Jeremiah 14-15: Wall of Bronze

Devotionals > Old Testament > Jeremiah > Jeremiah 14-15: Wall of Bronze

Jeremiah 14-15: Wall of Bronze

October 7, 2020


Jeremiah 14-15, Ecclesiastes 5, John 2:12-25, James 3:13-18 

Jeremiah 14-15 

The section begins with a problem. There is an economic downturn, a serious recession, brought on this agrarian society by that terror of the ancient world: “drought” (14:1). What is the cause of it? Because the Israelites know that God is the cause, ultimately, of all, they turn to God and ask him to have mercy on them, improve their economy, and send rain again on their land (14:7-9).

But it is too late (14:10-11). “He will remember their iniquity and punish their sins” (14:10). In fact, Jeremiah, “Do not pray for the welfare of this people” (14:11). It is too late.

Jeremiah is astonished—as any of us would be when being told that a certain church, for instance, simply needs to closed down. He says that the other prophets are telling the Israelites that all will be well (14:13). But says God, “The prophets are prophesying lies in my name” (14:14).

One test of whether a preacher is a true preacher of God’s Word or not is whether he ever preaches the things that people don’t like to hear. If he only emphasizes the “popular” messages of the Bible—love, joy, peace, and all the rest—likely as not he is taking his cue from what pleases the people around him, rather than aiming to please God first of all. Of course, it is possible to run to the other extreme and be so full of bile and unpleasantness that the preacher only preaches what will aggravate the people who hear him! Some are people pleasers; others are working out their inner anger at people by preaching in a way that is attacking, rather than edifying. Balance, truth with love, is the key. And it is this which is, to use Paul’s terminology, preaching “the whole counsel of God” (Acts 20:27), or ploughing a straight furrow through the Scriptures. We are, in our preaching, to reflect the balance of God’s Word—not the preferences of our own selves or of the people around us.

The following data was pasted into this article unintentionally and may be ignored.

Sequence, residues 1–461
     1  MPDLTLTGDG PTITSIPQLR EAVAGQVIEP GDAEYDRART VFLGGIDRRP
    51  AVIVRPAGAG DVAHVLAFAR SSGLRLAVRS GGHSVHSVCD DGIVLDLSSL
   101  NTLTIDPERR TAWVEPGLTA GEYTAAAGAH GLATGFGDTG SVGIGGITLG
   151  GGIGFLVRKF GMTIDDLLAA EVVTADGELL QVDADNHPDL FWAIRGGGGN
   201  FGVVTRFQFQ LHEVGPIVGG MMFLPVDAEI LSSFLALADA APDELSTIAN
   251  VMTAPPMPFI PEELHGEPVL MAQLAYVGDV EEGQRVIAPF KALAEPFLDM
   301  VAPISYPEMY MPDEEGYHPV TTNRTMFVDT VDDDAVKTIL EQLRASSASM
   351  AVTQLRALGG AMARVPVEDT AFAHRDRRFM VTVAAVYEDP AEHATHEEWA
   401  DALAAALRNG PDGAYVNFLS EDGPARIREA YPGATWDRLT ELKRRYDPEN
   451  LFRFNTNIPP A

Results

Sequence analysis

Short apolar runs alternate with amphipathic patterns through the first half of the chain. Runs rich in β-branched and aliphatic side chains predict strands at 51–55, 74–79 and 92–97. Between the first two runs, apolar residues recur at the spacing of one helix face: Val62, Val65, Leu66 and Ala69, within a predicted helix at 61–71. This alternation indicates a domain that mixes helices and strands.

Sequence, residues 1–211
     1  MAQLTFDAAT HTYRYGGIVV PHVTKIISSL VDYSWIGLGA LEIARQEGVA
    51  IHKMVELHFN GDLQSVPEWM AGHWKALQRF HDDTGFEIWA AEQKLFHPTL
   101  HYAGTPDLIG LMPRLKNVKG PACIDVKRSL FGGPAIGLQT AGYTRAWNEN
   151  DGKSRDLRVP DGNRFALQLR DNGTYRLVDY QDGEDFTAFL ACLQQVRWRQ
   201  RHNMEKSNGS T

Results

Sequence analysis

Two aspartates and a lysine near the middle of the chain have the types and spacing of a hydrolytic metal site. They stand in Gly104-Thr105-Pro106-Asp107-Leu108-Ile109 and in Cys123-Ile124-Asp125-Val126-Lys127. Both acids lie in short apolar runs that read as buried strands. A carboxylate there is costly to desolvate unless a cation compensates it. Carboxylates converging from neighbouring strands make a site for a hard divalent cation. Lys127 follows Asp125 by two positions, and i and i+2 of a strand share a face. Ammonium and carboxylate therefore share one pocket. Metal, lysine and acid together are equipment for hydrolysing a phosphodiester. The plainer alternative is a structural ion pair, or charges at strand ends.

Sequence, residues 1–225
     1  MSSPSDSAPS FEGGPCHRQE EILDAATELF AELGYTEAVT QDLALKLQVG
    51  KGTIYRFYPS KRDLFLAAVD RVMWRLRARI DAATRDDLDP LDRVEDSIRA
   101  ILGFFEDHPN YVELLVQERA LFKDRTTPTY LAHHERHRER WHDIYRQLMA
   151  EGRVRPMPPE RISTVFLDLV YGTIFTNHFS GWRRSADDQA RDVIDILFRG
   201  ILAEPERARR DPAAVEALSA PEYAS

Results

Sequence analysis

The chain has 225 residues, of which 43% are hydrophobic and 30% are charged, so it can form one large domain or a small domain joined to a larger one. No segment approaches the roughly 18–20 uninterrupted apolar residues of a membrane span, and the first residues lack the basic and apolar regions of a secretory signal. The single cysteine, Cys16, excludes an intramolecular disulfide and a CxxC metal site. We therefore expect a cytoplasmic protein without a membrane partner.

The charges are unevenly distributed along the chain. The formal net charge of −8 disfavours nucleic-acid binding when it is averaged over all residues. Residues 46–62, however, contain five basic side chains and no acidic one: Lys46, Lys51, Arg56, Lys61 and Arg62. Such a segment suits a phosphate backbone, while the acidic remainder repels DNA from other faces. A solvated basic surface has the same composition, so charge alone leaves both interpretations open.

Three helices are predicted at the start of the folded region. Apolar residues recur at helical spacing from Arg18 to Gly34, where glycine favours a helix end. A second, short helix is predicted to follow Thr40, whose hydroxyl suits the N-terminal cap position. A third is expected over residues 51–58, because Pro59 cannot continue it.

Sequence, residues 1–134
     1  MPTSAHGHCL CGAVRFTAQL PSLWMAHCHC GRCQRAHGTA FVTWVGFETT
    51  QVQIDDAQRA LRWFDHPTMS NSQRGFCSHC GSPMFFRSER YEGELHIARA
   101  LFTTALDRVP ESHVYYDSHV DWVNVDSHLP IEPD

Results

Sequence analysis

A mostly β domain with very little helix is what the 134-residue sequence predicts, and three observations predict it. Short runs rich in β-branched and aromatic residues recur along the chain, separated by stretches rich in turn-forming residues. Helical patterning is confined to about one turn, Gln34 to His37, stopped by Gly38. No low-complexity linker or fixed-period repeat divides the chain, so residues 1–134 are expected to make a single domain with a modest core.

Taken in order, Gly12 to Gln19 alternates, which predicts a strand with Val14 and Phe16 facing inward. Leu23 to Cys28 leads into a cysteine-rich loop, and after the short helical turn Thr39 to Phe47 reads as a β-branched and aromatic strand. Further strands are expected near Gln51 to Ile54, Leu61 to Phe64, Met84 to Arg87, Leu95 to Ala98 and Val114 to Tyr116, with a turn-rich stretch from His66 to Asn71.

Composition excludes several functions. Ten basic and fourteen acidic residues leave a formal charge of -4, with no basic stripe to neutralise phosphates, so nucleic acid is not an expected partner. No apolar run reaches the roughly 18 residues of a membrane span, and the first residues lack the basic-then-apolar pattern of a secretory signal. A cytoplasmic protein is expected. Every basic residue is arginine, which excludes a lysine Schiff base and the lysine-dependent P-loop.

Jeremiah, in the midst of this hard ministry to which he was called, complains to God. Why does everyone hate him (15:10)! Prophets and preachers are rarely if ever universally popular, and if you ever feel like you are pushing uphill, Jeremiah will encourage you! “I have not lent, nor have I borrowed, yet all of them curse me” (15:10). Probably he is slightly exaggerating—presumably he had a group of supporters or advocates, otherwise we would be unlikely to have had his words so long recorded. But it certainly felt as if everyone hated him, and indubitably he had a lot of detractors. You cannot do a great work for God without opposition—at least from the devil. And the devil usually takes those around you, sometimes those very close to you, and attempts to take them captive to his will. “Strike the shepherd, and the sheep will scatter” (Zech. 13:7). 

So Jeremiah appeals to God: “O LORD, you know; remember me and visit me…know that for your sake I bear reproach” (15:15). He has loved God’s Word: “Your words were found, and I ate them, and your words became to me a joy and the delight of my heart…” (15:16). But “Why is my pain unceasing, my wound incurable, refusing to be healed? Will you be to me like a deceitful brook, like waters that fall?” (15:18). Will God let him down?

And so God encourages Jeremiah, but very much in a tough love way. If you return to me, Jeremiah, I will return to you (15:19). Jeremiah was a sinner who needed to repent too, and in his repentance, though, he found acceptance. What is more, he needed to toughen up—considerably! “And I will make you to this people a fortified wall of bronze; they will fight against you, but they shall not prevail over you, for I am with you to save you and deliver you, declares the LORD” (15:20).

Oh, for more “wall of bronze” preachers! Pray for those who preach to you. And be bold in your personal witness and in standing for the truth. But remember: do so with love, humility, willing to learn as well as teach. 


Josh Moody (Ph.D., University of Cambridge) is the senior pastor of College Church in Wheaton, IL., president and founder of God Centered Life Ministries, and author of several books including How the Bible Can Change Your Life and John 1-12 For You.


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